This sense of displacement and grand scale is also present in Ina Moss’ process based works in which the viewer appears to be looking up towards a brilliant light seen through a compressed tangle of an old-growth forest. While less spatial, a similar density is imbedded in several photographic works in this exhibition. Lee Cochrane’s “Winter Cypress” captures a delicate lacelike webbing of light reflecting off the twisted branches of a cypress thicket. Becki Heye’s “Whispers from Heaven” overlays an extreme close-up to create a soft screen that obscures the shallow distortion of a woodland landscape. Marin Abell’s “Milfoil-Woven Weed” goes even further into a flat pictorial abstraction that defies its representational origins.
Eliminating the horizon line completely also creates a more expansive topographical view. As such, Katherine Arens’ process based abstractions appear to be seen from above and from a far: maybe they are macro views of ocean currents, ice flows, or even oil spills. On the other hand, Jim Sconyer’s mixed media work “Aposematic Fracture” flips back to the micro with an up close view of gritty road stripes offset by organic expansion-cracks in asphalt. Carolyn Beever’s print is also a mysterious hybrid of the organic and the manmade. Jason Kelly blends the micro with the macro by layering references to both systems: digital dots and dashes of binary code with subcutaneous circulatory impressions.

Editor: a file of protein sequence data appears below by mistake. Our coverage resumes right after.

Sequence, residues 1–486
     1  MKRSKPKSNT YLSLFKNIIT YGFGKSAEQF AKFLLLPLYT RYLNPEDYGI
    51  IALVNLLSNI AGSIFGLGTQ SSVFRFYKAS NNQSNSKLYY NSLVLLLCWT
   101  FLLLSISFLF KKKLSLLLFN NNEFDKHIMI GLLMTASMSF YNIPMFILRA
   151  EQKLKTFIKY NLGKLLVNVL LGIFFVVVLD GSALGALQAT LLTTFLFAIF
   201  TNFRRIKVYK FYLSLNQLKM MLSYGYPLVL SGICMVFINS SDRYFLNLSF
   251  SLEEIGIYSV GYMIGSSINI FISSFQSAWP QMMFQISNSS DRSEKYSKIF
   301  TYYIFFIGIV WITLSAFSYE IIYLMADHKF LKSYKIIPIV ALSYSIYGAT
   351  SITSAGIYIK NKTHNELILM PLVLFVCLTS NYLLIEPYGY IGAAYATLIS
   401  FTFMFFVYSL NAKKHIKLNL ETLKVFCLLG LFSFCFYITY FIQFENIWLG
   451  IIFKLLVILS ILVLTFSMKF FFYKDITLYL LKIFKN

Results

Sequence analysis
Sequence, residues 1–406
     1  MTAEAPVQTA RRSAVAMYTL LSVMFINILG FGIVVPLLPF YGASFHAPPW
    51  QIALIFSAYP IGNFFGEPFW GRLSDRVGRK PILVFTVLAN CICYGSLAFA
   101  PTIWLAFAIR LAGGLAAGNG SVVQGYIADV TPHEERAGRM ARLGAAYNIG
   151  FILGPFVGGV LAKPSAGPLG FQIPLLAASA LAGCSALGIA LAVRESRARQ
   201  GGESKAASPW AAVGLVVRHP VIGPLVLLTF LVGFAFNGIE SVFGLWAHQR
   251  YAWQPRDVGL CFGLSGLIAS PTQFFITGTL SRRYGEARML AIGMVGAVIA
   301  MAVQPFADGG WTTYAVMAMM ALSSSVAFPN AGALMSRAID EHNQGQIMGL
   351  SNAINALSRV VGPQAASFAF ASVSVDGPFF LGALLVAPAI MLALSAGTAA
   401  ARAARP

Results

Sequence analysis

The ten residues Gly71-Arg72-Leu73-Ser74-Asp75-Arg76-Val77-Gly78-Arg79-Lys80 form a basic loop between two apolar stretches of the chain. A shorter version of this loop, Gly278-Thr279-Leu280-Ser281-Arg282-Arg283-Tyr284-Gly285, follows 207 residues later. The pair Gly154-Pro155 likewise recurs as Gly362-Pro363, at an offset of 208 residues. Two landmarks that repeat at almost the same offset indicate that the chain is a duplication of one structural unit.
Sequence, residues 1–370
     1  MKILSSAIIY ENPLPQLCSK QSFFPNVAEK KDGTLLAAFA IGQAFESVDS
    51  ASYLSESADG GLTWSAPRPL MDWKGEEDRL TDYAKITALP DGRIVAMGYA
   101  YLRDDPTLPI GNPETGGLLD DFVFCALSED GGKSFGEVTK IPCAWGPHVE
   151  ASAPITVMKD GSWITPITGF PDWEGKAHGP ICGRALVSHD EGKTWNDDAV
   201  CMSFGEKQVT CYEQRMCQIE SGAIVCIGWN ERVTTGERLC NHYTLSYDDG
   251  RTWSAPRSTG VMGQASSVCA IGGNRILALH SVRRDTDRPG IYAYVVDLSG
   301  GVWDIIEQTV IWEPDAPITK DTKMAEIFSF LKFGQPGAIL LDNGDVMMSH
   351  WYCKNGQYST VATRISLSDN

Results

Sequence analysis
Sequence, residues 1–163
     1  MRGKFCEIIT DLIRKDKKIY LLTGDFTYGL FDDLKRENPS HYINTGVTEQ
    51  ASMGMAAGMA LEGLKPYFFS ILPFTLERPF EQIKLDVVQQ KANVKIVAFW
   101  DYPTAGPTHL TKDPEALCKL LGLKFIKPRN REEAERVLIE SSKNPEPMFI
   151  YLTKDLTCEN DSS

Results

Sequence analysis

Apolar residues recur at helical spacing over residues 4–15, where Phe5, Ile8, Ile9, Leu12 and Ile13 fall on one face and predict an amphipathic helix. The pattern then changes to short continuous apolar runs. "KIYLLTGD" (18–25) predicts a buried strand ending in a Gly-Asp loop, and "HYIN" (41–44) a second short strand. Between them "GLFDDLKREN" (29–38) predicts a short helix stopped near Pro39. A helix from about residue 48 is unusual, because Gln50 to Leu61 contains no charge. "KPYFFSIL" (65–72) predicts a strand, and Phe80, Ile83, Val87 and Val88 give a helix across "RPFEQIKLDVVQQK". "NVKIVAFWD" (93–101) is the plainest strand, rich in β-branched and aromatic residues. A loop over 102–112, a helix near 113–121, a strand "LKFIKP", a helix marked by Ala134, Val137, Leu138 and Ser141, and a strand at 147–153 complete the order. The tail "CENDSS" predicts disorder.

Still in other works, a diagonal horizon line amplifies the sense of movement. While bringing to mind ancient cave drawings, Charlotte Richards’ rabbit in “Cutting Through the Mist”, appears to be scampering quickly downhill. The diagonal linear networks in Jurgen Brat’s bridge paintings both anchor and animate his landscapes. Using humor and exaggeration, Mark Prieto employs several horizon lines at once to link multiple representations of interior and exterior space in “A Thin Red Line”.
Whether describing figures, teacups, botanicals, or geometry, the contour line expressively delineates forms, subtly creates edges, and gesturally conveys movement. By circumnavigating the figure with a fine line, Minta Smith intensifies feelings of quiet isolation. In contrast, Bev Bley’s expressive outline of a Flamenco costume combined with angular gestures around the figure effectively capture the swirling but highly structured essence of the dance. Teresa Blatt’s mixed media collage “Kua” also references controlled movement through the title’s reference to one of the martial arts. Entwined figures, clapping hands, and concentric outlines layered over dense patterns escalate the sensation of spinning and staccato sound. Likewise by tilting a table top, Toni Scott’s teacups appear precariously balanced and about to topple with a clatter. On a calmer, less introspective note, both Kathleen Willingham and Karen Julihn use a lyrical line to capture the intricacy of nature in wire and ink respectively.